19. Wolfsbane, or aconite, is a flowering herbaceous perennial poisonous to humans and, as it turns out, to werewolves. It was actually used to kill wolves before extending to the cursed monsters.
20. Man-Wolf is a Marvel Comics villain, the transformed version of Spider-Man's friend John Jameson. The astronaut Jameson was cursed to become Man-Wolf after a gem attached to his throat and reacted to moonlight. Captain America also turned into a werewolf for a short time.
21. Lee Ho Fook, the London Chinatown restaurant name-checked in Warren Zevon's 1978 Top 40 song "Werewolves Of London," is an actual place in the city's Soho area. Get a big dish of beef chow mein while there. Also real is the Trader Vic's, where a werewolf with perfect hair is spotted drinking a piña colada. It is located in the London Hilton, which overlooks Royal Hyde Park, and a wolfy statue greets visitors right inside the door.
22. In Bram Stoker's novel Dracula (1897), the vampire Count can transform into a wolf and has control over them. Also, before the character Jonathan Harker heads to meet with Dracula, he overhears Transylvanian peasants mentioning werewolves.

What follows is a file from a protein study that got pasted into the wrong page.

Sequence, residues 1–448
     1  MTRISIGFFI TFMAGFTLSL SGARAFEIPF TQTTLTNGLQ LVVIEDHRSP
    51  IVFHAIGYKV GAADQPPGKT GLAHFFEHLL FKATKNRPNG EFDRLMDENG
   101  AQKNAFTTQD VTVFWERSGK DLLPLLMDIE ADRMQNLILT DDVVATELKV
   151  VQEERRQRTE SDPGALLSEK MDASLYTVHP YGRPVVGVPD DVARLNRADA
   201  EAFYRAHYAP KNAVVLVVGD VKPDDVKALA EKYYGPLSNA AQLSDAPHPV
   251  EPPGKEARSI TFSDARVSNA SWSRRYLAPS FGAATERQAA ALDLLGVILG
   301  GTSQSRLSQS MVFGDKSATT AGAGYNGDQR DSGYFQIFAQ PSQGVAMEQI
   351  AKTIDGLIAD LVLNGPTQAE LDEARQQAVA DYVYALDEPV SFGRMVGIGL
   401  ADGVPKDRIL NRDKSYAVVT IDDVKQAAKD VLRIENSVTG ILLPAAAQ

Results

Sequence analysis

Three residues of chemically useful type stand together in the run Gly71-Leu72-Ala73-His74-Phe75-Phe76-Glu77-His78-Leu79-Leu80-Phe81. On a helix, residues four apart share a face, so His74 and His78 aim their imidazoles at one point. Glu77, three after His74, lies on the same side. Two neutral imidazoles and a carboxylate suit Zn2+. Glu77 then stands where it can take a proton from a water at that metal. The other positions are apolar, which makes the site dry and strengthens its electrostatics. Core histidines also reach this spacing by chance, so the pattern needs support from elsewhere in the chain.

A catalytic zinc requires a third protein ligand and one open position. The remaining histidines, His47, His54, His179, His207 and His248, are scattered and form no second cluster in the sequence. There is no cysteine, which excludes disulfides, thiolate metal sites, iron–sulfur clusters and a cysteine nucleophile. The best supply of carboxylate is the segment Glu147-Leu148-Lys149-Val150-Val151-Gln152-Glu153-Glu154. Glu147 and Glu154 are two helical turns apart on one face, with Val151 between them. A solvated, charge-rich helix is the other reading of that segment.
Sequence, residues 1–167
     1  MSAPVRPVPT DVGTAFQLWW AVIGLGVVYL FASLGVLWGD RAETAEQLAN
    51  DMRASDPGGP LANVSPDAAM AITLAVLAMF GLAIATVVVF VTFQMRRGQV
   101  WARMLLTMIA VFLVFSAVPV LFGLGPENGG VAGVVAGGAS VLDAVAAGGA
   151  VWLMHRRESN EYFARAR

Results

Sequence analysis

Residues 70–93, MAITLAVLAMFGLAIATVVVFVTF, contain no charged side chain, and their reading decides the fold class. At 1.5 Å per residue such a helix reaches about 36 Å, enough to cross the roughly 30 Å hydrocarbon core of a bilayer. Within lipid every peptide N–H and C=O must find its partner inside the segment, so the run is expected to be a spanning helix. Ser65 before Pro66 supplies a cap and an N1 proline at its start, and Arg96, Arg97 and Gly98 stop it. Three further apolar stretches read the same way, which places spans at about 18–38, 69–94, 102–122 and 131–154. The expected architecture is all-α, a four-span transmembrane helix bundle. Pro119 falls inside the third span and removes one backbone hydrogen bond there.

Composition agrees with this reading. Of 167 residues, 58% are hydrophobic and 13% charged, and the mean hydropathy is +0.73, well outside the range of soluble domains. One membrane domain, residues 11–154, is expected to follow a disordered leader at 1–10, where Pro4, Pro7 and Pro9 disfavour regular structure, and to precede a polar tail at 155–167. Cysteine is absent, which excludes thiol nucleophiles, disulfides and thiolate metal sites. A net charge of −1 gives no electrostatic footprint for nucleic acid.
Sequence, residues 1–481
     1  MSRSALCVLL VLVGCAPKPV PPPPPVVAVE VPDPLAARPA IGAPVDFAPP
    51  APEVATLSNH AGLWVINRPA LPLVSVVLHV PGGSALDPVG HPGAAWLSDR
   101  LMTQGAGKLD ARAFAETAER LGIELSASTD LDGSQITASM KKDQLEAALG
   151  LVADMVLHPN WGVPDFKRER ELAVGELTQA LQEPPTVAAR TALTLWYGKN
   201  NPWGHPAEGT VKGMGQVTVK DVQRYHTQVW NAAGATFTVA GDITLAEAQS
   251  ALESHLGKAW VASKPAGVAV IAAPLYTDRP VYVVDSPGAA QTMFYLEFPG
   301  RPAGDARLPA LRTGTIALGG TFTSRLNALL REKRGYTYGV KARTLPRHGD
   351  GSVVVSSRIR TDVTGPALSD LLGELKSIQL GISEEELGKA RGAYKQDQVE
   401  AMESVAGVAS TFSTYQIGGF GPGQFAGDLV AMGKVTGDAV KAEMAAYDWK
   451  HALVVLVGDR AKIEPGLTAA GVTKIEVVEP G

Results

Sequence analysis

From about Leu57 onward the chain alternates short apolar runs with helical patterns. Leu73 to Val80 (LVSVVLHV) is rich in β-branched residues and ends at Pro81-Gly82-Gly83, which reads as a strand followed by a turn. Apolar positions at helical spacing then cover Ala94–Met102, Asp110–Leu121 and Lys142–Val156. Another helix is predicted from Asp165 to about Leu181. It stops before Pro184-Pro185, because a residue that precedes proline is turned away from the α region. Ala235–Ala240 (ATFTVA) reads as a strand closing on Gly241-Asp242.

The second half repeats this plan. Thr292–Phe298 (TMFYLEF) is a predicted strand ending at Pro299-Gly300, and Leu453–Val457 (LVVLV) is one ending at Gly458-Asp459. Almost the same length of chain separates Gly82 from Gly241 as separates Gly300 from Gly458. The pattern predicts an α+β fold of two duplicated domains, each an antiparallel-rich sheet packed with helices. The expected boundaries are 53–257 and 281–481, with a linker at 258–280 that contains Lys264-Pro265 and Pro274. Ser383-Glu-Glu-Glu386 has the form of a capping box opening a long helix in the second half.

23. During World War II, the Nazis used "Werwolf" as the name for one of Hitler's headquarters as well as for a strategic operation.
24. Werewolves have appeared a few times in the Doctor Who universe but most notably in the 2006 episode "Tooth And Claw." The wolves were actually Lupine Wavelength Haemovariform aliens, but the episode led to the formation of extraterrestrial threat agency Torchwood.
25. Peter Stumpp was known as the "Werewolf of Bedburg" in the Rhinelands. While being tortured for cannibalism and murder allegations, he confessed to transforming into a wolf using a magical belt given to him by the devil. Werewolf trials were not uncommon during this time, but Stumpp's story is the most famous – as was his very gruesome, extended execution, depicted here.
26. In the 1987 monster mash-up classic (and still underrated flick) The Monster Squad, the Wolfman's face is modeled after effects legend Stan Winston, who worked on the film.